In the control group, the ovaries contained the graafian follicle with a clear zona pellucida. The histological architecture of the Vitex-treated ovaries was similar to that of the control animal ovaries. In d-galactose-treated ovaries, degenerative changes occurred in the follicles. The graafian follicle and zona pellucida of the ovaries were not evident in the d-galactose group, and the nucleus of the oocytes was not defined. In the Aging group, follicular degeneration in different stages was evident. Vitex effectively reversed the histological changes in the ovaries in the d-galactose and Aging groups (Fig. 2).
The uterus of the control and Vitex groups had normal histological architecture. Atrophy of the endometrium and swelling of the glands were observed in the d-galactose and Aging groups. Vitex effectively improved these alterations (Fig. 3).
3.3. Effect of Vitex on body weight and on the weight of the ovaries and uterus
There was a significant increase in body weight, whereas the ovary and uterus weight/body weight percentage decreased in the d-galactose and Aging groups, compared to the control group (p < 0.05). However, the weight of the ovaries and uterus did not decrease significantly (p > 0.05). The administration of Vitex significantly reduced the body weight in the Vitex + d-galactose and Vitex + Aging groups, compared to the d-galactose and Aging groups, respectively (p < 0.05). Vitex did not significantly change the ovary and uterus weight/body weight percentage in the d-galactose and Aging groups. In addition, Vitex did not significantly increase (p > 0.05) the ovarian and uterine weight in these groups (Table 1).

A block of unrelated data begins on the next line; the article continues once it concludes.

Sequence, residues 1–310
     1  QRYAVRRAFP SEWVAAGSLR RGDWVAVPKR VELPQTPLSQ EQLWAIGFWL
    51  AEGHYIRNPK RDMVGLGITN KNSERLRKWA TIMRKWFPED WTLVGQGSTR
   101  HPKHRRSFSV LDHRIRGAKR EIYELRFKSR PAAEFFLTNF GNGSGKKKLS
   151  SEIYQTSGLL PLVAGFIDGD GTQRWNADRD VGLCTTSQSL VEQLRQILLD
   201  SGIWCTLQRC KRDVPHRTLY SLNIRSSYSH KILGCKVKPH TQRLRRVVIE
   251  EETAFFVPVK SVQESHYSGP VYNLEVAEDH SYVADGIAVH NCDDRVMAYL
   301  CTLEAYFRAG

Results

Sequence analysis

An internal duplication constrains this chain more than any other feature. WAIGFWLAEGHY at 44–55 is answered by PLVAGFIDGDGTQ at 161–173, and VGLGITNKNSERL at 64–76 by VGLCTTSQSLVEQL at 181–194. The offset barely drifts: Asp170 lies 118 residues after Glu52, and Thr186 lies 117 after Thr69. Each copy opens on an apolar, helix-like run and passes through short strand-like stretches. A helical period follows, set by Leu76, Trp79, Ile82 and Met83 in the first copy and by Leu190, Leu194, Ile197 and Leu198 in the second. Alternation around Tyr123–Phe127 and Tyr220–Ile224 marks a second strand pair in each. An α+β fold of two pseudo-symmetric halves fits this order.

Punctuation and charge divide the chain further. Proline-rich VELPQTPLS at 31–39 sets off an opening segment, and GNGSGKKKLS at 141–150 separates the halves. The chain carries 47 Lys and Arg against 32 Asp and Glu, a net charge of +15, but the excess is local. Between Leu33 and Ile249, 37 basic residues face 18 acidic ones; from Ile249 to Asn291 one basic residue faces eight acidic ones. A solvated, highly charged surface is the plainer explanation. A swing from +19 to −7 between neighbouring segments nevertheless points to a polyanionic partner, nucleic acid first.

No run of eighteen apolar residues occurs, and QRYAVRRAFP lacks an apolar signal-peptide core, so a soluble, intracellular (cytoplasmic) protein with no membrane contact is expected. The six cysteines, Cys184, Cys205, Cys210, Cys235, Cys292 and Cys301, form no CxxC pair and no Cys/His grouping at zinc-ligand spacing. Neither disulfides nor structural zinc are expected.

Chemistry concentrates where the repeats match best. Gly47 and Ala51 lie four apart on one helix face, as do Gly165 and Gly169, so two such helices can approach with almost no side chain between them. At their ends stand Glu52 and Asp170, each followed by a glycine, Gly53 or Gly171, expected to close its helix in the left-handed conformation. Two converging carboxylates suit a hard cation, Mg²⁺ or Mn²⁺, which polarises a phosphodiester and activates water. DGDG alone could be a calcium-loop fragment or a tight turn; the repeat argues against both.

3.4. Effect of Vitex on estrous cycle
d-Galactose may disrupt the estrous cycle, similar to aging, and Vitex may reverse the estrous cycle. The estrous cycle was normal in the control and Vitex group (data were not shown).
3.5. Effect of Vitex on the antioxidant indices of ovarian and uterine tissues
Ovarian and uterine tissue levels of MDA were significantly increased (p < 0.001) and SOD and catalase activity was significantly decreased (p < 0.001) in the d-galactose group, compared to the control group. The Aging group samples also had a significant increase in the MDA content (p < 0.001) and a decline in SOD activity (p < 0.001) and catalase activity (p < 0.01), compared to the control group (Fig. 4).
Vitex significantly decreased the tissue level of MDA (p < 0.001) and increased the catalase activity (p < 0.05). However, Vitex did not significantly increase the SOD activity in the Vitex + d-galactose group, compared to the d-galactose group. Treating the Aging mice with Vitex (i.e., Vitex + Aging group) significantly decreased the MDA levels (p < 0.01) and increased the SOD and catalase activity (p < 0.05), compared to the Aging group (Fig. 4).